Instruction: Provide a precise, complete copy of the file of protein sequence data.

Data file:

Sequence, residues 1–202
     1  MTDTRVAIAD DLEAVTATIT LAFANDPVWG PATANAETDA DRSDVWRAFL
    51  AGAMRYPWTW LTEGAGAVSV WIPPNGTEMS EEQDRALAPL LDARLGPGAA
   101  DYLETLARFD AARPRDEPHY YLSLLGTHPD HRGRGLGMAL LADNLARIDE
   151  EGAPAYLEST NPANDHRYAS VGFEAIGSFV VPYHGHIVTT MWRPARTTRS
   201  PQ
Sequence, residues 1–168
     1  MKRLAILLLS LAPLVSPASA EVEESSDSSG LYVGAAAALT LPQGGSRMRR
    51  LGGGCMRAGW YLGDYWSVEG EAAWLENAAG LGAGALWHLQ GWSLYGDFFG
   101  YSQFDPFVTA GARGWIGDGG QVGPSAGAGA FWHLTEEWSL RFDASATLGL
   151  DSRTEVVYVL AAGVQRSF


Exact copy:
Sequence, residues 1–202
     1  MTDTRVAIAD DLEAVTATIT LAFANDPVWG PATANAETDA DRSDVWRAFL
    51  AGAMRYPWTW LTEGAGAVSV WIPPNGTEMS EEQDRALAPL LDARLGPGAA
   101  DYLETLARFD AARPRDEPHY YLSLLGTHPD HRGRGLGMAL LADNLARIDE
   151  EGAPAYLEST NPANDHRYAS VGFEAIGSFV VPYHGHIVTT MWRPARTTRS
   201  PQ
Sequence, residues 1–168
     1  MKRLAILLLS LAPLVSPASA EVEESSDSSG LYVGAAAALT LPQGGSRMRR
    51  LGGGCMRAGW YLGDYWSVEG EAAWLENAAG LGAGALWHLQ GWSLYGDFFG
   101  YSQFDPFVTA GARGWIGDGG QVGPSAGAGA FWHLTEEWSL RFDASATLGL
   151  DSRTEVVYVL AAGVQRSF